Patient Protection and Affordable Care Act

The passage of the Patient Protection and Affordable Care Act (most often referred to as
the Affordable Care Act or ACA) was a monumental milestone in terms of national health
reform. What were some reasons why previous health reform efforts failed? Why was this
effort at national health reform successful? Describe the social, economic, and political
contexts that contributed to the passage of the ACA. In your opinion, what elements of the
ACA are working, and what are some areas that need improvement? Use evidence to
support your viewpoint.

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The enactment of the (ACA), on March 23, 2010, sought to achieve three main objectives that
include the reformation of the market for private insurers, particularly for people and
communities groups that purchase medical cover. The secondly objective entailed the expansion
of the Medicaid platform to the poor and working individuals and families who earn an income
of at least 133% as stipulated by the federal poverty level (Silvers, 2013). Thirdly, as a reform in
the health care sector, the ACA sought to change the medical decision-making processes applied
across the nation. As such, some of the reasons behind the failure of the previous health reforms
include the influx of uninsured individuals and families as most of them lacked affordable
employer or other forms of minimum essential coverage.
Additionally, the previous health reform efforts failed to restructure the link between the
people and the medical system that had, over the years, restrained Americans to stringent and
discriminatory standards at the federal level. In these standards, people were mandated to
purchase insurance coverage regardless of whether they could afford it or not, requirements
which previous health reforms failed to restructure (Lahey, 2017). Nevertheless, the
implementation of the ACA reform at the national level proved successful as it set a wide range
of federal standards that contributed to the creation of exchanges in medical coverage at the state
level for both individuals and enterprises. These exchanges simplified the processes of

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purchasing health insurance through the creation of a holistic market for medical coverage
products that qualified for tax subsidies at the federal level (Silvers, 2013). Moreover, the
exchanges availed insurance products that adhered to standards at the federal and state levels,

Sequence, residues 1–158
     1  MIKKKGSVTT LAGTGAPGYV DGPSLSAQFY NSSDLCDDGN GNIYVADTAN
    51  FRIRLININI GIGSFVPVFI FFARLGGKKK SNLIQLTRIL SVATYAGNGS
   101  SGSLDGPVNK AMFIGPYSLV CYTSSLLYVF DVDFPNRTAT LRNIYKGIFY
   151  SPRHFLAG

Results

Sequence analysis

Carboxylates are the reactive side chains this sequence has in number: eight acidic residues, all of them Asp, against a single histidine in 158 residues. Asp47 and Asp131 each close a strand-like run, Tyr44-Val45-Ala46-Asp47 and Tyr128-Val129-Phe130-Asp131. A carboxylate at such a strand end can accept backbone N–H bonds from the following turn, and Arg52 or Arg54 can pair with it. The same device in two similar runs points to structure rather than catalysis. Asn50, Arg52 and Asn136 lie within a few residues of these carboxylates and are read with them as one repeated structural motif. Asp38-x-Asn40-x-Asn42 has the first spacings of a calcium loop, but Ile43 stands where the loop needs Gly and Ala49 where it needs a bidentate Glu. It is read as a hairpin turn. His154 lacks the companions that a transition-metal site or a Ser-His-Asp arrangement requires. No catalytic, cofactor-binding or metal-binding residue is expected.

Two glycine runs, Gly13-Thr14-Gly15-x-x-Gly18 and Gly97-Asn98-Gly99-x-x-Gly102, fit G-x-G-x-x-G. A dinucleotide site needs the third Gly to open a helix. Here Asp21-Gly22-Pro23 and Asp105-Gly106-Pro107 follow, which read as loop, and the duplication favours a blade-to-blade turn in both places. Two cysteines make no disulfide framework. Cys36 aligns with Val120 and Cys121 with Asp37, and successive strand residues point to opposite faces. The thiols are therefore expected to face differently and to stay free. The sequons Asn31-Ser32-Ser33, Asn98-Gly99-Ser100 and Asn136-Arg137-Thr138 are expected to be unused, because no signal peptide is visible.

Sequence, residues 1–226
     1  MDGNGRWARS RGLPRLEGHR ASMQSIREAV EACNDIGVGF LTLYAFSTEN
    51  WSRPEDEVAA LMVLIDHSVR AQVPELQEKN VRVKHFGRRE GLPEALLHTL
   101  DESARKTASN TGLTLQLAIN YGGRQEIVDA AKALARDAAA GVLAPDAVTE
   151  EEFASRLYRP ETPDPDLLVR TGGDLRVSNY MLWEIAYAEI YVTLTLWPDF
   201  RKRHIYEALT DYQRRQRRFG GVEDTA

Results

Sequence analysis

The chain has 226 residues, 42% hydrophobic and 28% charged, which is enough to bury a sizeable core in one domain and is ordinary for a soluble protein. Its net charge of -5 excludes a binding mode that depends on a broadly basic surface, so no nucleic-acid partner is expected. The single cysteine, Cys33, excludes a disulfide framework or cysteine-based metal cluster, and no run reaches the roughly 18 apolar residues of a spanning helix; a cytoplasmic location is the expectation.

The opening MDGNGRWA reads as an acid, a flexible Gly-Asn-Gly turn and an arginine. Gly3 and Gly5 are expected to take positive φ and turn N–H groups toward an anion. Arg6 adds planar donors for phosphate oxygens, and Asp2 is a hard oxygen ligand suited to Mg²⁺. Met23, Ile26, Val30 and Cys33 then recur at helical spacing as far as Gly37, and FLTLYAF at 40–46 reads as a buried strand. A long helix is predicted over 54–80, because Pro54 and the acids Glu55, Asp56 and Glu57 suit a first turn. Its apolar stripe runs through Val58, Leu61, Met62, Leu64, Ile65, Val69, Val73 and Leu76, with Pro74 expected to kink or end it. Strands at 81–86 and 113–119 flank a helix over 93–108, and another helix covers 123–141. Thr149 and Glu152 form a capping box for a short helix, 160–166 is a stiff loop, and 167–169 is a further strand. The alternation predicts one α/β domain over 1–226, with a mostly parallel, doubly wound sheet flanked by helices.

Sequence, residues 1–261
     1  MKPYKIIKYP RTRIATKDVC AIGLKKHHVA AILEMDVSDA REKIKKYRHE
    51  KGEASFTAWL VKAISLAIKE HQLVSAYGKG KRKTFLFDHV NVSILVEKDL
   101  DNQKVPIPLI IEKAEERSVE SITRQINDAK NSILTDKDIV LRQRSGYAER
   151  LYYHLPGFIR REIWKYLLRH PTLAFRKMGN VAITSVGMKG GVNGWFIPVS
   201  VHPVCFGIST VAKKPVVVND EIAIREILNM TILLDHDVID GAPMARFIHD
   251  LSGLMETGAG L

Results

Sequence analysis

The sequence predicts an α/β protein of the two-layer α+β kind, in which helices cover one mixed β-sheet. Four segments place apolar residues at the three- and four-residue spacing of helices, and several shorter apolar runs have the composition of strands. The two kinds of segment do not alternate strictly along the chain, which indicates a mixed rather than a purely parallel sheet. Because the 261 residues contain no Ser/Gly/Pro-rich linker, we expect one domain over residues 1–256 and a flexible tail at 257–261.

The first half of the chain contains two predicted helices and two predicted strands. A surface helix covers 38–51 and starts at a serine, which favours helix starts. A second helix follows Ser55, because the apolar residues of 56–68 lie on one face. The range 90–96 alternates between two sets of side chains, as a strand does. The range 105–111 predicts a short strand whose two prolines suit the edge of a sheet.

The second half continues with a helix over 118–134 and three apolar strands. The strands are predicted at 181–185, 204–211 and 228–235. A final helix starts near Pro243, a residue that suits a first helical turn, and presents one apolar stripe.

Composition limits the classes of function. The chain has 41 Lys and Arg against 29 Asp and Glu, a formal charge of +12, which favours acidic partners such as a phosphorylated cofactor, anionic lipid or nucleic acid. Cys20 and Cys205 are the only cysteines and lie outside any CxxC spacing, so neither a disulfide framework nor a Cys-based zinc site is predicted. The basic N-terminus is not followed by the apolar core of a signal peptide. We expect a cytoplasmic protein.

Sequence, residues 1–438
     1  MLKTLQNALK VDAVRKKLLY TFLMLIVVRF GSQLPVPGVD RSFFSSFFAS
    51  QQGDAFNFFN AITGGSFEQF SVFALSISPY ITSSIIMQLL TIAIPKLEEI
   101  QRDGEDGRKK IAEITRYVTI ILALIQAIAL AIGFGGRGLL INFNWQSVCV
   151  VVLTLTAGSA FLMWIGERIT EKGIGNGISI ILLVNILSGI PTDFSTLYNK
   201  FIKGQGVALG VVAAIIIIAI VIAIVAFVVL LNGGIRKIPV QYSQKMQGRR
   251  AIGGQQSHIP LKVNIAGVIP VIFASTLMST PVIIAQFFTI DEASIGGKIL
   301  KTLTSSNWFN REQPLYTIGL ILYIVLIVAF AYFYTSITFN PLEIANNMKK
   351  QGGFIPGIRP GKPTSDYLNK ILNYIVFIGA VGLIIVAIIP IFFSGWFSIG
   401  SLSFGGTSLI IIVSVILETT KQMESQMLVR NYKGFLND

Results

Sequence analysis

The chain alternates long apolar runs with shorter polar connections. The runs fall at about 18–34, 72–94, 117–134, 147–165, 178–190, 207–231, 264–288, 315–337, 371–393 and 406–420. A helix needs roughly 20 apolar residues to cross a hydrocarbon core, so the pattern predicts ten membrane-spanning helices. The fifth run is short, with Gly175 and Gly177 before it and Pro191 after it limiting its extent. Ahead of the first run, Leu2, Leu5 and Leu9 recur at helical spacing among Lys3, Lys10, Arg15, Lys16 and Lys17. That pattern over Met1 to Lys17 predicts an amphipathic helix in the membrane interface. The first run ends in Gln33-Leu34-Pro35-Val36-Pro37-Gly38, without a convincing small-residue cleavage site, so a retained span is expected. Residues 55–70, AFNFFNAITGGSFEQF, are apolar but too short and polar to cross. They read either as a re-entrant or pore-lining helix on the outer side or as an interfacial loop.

thereby leading to their certification as qualified health benefit plans.
Most fundamentally, the economic, social, and political contexts that contributed to the
passage of the ACA include disparities between democrats and republicans with regards to the
changes introduced in the health care sector. These factors were coupled with recessions in the
economy that limited most poor and working individuals and families from accessing the
necessary care services due to lifetime and annual dollar coverage limitations (Silvers, 2013).
Similarly, due to poverty and social status, most people were limited to an inferior category of
the Medicaid program that further restricted them from accessing the necessary care services due
to lack of insurance coverage. Nevertheless, the enactment of the ACA in 2010 played an
integral role as it banned such limitations and further introduced the use of the modified
community rating system that necessitated variation in prices to a limited degree based on factors
such as age or the size of a family.
Upon in-depth of the ACA and its progress thus far, some of the working elements
identified include the empowerment of the exchanges to select qualified health plans, the
calculation of subsidy eligibility, and the coordination of enrolment with Medicaid programs
across the state. However, some areas that need improvement include the regulation of the
incentives provided to individuals and entities in which specialty care is directed as most of them
adversely impacted patient care decisions (Lahey, 2017). More precisely, the agency costs
incurred while purchasing a specific health plan should be regulated as they lead to the
dominance or exploitation of decisions, especially when one party has differential information.

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Lahey, S. J. (2017). Affordable Care Act, Public Legislation, and Professional Self-Regulation:
Implications for Public Policy. Surgical Patient Care, 817-826.
Silvers, J. B. (2013). The Affordable Care Act: Objectives and Likely Results in an Imperfect
World. The Annals of Family Medicine, 11(5), 402-405.